This is one of the lessons I’ve devised to help grow myself as a leader and develop future leaders as well. I began exploring the idea in earnest in my mid-20s when a colleague asked what I believed defined a great leader. I drew a blank.

That moment compelled me to develop a formal definition of leadership for myself. It took more than a year of reading, writing and contemplation before I crafted a satisfactory definition.

Leadership, to me, is Vision + Structure + People.

Vision

First, a successful leader must be a true innovator. Having vision and being motivated by an instinctual drive is not a learned skill but is honed over time.

Structure

The second component – structure – keeps a leader grounded while also providing the space and time needed to remain a creative visionary.

People

Last, people are unequivocally the most important ingredient in the definition of a successful leader. The team you’ve built to achieve your common vision will define your tenure as a leader. The colleagues you have committed to leading will ultimately be the most important factor in the entire equation.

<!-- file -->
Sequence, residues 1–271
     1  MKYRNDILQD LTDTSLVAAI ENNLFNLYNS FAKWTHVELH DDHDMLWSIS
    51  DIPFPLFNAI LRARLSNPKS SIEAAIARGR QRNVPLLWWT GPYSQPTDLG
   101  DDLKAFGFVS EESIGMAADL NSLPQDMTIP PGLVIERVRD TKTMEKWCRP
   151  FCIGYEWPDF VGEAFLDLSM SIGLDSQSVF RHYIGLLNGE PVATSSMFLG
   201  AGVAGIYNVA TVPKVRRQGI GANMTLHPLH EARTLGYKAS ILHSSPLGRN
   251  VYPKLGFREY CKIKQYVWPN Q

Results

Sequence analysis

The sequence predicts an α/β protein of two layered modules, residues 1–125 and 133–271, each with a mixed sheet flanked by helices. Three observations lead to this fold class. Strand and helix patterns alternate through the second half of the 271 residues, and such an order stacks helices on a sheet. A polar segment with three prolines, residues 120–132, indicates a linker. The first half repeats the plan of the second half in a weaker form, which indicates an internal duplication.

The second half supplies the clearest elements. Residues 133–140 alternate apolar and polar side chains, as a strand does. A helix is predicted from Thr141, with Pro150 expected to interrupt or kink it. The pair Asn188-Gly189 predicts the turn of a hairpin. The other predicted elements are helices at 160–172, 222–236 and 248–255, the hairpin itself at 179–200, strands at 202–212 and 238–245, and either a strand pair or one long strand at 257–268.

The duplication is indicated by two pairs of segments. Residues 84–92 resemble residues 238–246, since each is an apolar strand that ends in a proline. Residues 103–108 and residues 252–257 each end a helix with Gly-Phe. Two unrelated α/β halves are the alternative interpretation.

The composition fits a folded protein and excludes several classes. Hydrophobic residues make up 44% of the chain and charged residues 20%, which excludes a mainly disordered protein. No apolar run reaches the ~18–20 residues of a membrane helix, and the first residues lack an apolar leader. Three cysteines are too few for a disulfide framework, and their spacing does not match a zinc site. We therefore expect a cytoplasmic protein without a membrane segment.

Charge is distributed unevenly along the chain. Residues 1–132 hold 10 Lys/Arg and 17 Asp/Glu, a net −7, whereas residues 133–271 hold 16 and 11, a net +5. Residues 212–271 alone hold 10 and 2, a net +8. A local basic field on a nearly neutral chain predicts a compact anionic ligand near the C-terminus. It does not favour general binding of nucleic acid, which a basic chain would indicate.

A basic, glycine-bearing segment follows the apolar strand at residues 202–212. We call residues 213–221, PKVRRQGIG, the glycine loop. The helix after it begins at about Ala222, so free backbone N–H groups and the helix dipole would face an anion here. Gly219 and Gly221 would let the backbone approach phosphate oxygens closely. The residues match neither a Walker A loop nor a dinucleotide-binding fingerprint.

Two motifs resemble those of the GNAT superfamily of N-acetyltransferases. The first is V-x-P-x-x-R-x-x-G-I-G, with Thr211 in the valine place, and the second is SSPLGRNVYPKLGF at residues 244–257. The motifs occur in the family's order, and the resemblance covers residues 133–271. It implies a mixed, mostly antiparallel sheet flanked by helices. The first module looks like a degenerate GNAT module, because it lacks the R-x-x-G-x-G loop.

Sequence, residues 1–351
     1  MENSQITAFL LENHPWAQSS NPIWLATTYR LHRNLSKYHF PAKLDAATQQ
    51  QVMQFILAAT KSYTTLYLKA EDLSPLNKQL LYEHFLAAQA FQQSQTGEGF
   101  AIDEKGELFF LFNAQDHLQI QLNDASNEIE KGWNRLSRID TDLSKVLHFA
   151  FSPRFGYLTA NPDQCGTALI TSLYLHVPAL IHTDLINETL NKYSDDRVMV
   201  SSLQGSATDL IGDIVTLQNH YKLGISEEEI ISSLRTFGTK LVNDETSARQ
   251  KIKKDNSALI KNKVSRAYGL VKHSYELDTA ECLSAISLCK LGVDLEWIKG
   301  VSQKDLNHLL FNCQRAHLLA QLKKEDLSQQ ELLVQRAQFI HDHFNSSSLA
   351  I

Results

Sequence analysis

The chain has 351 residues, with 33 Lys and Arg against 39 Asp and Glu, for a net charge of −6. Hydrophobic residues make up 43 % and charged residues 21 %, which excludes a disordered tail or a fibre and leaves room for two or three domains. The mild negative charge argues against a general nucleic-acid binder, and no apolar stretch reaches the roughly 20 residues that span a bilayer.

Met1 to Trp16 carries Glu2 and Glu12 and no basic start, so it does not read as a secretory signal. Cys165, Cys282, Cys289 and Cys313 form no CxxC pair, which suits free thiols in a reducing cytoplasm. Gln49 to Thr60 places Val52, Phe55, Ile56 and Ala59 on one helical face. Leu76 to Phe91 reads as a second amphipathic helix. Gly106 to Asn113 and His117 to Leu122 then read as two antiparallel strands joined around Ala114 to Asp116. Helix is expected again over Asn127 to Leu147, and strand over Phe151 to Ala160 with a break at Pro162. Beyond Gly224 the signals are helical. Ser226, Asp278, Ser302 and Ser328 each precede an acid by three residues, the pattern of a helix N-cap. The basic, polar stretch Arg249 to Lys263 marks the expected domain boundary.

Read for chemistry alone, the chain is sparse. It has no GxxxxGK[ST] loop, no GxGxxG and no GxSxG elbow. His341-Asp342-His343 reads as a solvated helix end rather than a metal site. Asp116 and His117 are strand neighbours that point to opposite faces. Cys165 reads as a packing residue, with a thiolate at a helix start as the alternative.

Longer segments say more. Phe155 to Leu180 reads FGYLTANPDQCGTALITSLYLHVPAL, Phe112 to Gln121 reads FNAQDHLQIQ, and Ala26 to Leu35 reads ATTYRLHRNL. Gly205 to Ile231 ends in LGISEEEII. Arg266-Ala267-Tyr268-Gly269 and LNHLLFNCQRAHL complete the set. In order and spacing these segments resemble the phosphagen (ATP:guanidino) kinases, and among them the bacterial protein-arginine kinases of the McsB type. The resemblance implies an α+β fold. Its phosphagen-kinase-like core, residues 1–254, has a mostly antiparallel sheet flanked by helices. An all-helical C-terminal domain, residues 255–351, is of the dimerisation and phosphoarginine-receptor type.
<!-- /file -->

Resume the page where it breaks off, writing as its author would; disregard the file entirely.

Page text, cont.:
While these three components have laid the foundation for my work at Texas Children’s Hospital, there is not a universal definition of leadership. In fact, to become successful, you must create your own definition based on who you aspire to be, how you want to lead, your personality and your core values.

At Texas Children’s, I ask every leader, from managers to executives, to submit their own definition of leadership, and we keep these on file. This helps new leaders hone in on what is important by providing a guide that ensures everything they do comes back to that definition. What’s more, in a large organization like Texas Children’s, it also helps me and my executive team learn more about each leader on our team.

Ultimately, harnessing your own definition of what makes a leader is the way to become a great leader yourself. When I meet someone who aspires to be a great leader, my first question to them is, “What is your definition of leadership?” It is a question I encourage everyone to thoughtfully consider.

Create your own definition, then start living it.

This editorial was authored by Texas Children’s President and CEO Mark A. Wallace and was originally published in the Houston Business Journal on January 17, 2014.